Re: [xsl] Things that make you go Hmmmm!

Subject: Re: [xsl] Things that make you go Hmmmm!
From: "Abel Braaksma (Exselt)" <abel@xxxxxxxxxx>
Date: Sat, 29 Mar 2014 16:05:20 +0100
On 29-3-2014 15:39, Ihe Onwuka wrote:
> On Sat, Mar 29, 2014 at 2:05 PM, Abel Braaksma (Exselt) <abel@xxxxxxxxxx> wrote:
>> 2) the use-attribute-sets attribute
> One answer suffices to illustrate my point which has got nothing to do
> with undestanding or not understanding the semantics of copy and
> copy-of.

Good. But I think understanding the semantics is vital in any discussion
of language design. Syntax and semantics are hard to be seen in isolation...

>> This one is on xsl:copy, because xsl:copy allows the children to be
>> modified. The addition of use-attribute-sets serves the use-cases where
>> you want to replace or augment the attributes on a certain element.
>> It is not available on xsl:copy-of because the semantics of xsl:copy-of
>> are different: it makes an unchangeable deep-copy of the selected node.
>> Allowing use-attribute-sets would change that semantics, which is a bad
>> idea. If you want to change the children, use xsl:copy, not xsl:copy-of.
> You have an option use-attribute-sets makes no sense in the context of
> xsl:copy-of. So if it appears you just ignore it, perhaps with a
> warning perhaps not.

That is exactly what happens now, exact that you do not get a warning,
but an error, which is a stronger signal that you are trying to do
something (adding attribute sets) that cannot be done (because of the
semantics of xsl:copy-of).

You seem to argue that orthogonality means that you should add the same
properties to different instructions or functions, even if the effect is
zero, because the other attributes do not make sense. I think this is an
excellent situation where too much orthogonality would create a host of
surprises and unclarities.

Instead, orthogonality also means that if two instructions have similar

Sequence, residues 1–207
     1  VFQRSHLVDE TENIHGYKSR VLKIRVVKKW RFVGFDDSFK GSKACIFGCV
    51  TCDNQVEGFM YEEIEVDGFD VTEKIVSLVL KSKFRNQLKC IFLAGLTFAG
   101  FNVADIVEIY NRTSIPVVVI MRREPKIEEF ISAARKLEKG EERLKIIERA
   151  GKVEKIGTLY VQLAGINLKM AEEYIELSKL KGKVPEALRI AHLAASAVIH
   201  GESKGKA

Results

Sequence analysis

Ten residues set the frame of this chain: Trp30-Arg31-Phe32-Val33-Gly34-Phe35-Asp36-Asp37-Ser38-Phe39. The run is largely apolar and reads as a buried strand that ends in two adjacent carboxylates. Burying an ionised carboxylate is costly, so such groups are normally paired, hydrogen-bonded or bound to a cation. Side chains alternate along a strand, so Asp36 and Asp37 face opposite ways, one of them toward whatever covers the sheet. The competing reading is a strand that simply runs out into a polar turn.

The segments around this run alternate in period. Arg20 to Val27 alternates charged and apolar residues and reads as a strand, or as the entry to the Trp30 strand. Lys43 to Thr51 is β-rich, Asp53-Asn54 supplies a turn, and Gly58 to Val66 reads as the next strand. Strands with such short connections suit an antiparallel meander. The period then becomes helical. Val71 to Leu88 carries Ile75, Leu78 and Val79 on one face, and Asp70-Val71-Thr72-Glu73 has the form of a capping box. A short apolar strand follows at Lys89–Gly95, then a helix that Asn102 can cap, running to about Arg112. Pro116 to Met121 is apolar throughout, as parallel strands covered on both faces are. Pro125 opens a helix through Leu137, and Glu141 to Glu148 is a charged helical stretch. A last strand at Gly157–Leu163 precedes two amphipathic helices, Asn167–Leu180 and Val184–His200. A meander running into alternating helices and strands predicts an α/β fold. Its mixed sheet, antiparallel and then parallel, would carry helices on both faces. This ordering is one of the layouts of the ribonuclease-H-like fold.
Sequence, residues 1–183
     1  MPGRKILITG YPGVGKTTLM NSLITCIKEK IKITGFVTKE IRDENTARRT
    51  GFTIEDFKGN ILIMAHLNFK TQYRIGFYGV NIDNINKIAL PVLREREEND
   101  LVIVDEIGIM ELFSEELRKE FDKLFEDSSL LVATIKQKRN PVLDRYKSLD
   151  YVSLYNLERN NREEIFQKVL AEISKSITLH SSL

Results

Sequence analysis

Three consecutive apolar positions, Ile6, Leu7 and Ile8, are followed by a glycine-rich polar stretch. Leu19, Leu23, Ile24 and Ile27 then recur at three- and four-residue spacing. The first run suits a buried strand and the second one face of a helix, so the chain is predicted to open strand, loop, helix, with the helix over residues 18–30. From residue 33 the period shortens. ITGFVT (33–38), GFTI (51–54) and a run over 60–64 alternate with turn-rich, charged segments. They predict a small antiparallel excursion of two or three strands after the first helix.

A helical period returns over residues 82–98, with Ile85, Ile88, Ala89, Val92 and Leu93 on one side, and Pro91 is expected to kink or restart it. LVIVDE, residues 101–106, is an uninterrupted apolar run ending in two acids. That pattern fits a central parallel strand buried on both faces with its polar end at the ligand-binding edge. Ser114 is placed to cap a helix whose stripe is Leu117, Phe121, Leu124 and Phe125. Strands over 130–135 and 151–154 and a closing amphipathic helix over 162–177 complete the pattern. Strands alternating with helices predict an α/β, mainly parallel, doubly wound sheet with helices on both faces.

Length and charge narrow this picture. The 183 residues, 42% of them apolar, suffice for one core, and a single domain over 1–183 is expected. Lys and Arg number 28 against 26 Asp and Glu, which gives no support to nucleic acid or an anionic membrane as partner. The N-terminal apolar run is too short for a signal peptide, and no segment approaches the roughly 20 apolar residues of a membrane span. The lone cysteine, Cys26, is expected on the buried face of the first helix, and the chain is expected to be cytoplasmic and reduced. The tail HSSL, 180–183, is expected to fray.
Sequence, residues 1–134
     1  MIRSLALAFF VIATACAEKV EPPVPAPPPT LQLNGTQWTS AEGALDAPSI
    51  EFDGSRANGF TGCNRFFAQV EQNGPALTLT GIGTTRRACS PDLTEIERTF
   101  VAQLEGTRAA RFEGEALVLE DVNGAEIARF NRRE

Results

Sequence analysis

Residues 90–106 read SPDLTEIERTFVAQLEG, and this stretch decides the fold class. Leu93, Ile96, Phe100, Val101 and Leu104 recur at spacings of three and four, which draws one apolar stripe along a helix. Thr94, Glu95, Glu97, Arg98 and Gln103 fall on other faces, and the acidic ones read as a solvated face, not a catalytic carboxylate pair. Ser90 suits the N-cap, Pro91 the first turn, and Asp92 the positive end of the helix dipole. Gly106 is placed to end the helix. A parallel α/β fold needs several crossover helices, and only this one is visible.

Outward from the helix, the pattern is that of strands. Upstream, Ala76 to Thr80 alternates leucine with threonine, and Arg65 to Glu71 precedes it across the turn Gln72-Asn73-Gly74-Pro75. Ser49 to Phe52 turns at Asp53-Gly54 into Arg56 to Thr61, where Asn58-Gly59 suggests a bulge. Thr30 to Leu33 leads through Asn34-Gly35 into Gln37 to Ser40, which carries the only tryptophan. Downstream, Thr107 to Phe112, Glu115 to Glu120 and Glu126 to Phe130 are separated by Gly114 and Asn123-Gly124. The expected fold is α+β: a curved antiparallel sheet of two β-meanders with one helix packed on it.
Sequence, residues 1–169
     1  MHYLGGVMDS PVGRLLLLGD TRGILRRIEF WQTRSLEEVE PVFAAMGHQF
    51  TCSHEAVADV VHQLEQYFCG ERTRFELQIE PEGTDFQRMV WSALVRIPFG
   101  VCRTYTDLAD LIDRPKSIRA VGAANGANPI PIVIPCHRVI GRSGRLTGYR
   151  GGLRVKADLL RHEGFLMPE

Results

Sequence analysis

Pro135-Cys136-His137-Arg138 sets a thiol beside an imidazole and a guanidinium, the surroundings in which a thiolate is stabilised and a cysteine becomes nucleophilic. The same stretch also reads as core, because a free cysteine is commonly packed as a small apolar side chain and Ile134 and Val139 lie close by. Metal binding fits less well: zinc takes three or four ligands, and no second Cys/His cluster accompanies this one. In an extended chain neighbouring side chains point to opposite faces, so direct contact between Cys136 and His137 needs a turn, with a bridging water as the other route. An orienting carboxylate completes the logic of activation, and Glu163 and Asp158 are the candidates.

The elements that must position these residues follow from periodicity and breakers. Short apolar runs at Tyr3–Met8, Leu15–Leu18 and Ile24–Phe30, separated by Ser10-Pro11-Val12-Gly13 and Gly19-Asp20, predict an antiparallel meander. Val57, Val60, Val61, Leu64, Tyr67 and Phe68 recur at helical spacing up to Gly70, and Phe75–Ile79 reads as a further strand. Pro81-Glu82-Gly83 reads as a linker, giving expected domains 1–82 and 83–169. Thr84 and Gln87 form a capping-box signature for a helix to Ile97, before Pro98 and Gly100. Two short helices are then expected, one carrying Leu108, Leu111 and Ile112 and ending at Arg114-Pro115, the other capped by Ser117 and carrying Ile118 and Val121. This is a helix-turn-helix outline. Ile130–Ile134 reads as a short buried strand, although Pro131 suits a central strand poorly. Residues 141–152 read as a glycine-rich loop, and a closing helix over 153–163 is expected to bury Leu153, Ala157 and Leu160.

semantics, that properties for these similar semantics are available to
both, but properties that are different are not, to be able to
distinguish between the different operations and to follow that other
principle, the principle of least surprise.

And we may agree to disagree here, but I think adding a property to an
instruction that has the only effect of raising a warning or doing
nothing, is a bad idea and should, by all extend possible, be prevented.
It will only raise eyebrows and many questions on this list like "why
did you include this attribute if it only ever raises an error?". I
wouldn't have an answer ;).

(In OOP, perhaps you are referring to that, there is a design principle
where through inheritance you also inherit properties that you may not
be interested in, which you can then re-implement by raising an error.
But OOP is not applicable to a declarative language, so we don't have to
live with that problem (instead, for packages and overrides, we have
chosen a different method, you can opt in to which functions etc you are
interested in and which not)).

There is in XSLT, however, a set of attributes that really applies every
single instruction, LRE and declaration, such as xsl:use-when,
xsl:default-collation and xsl:version. These have merit, because they
actually mean something on each and every place where they can be applied.

> You leave the content models the same and you only ever apply the
> options that make sense for the variant you have chosen and you only
> step in if what is specified would lead to an unresolvable ambiguity.
> This is not an alien concept.

True, but I beg to differ that it has no use in this particular area of
language design, and no use in general unless it means something.

> Take as an example the utility cURL. If I don't want the body of my
> http request I specify HEAD instead of GET.
> curl -v --request HEAD "";
> If I specify the content-type of the body with the --header  option
> curl -v --request HEAD ""; --header
> "Content-Type:text/xml"
> There is no need to burden the user with a bazillion different
> signatures or to officiously refuse to cooperate  until the parameters
> supplied are  are in perfect semantic harmony.
> cURL can still figure out what I want, it's still a HEAD request and
> it  still works.

I'm sorry, I fail to see how commandline arguments, which have their own
limitations, have anything to do with language design. The only thing
shown from this example is that using two different ways to achieve the
same thing (--header vs --request HEAD). In XSLT, we do not allow you to
use both @select on an instruction _and_ a sequence constructor, for the
reason that behavior cannot be clearly defined if both are present and
do different things (as in your example, what would happen with --header
and --request PUT at the same time)

(and while I find the comparison with cURL odd, it is one of those tools
that I can only use with looking up examples on the internet, I find it
a very ill-documented and ill-defined tool, like most commandline tools,
but this is getting very OT, it is not even a language).


Abel Braaksma
Exselt XSLT 3.0 processor

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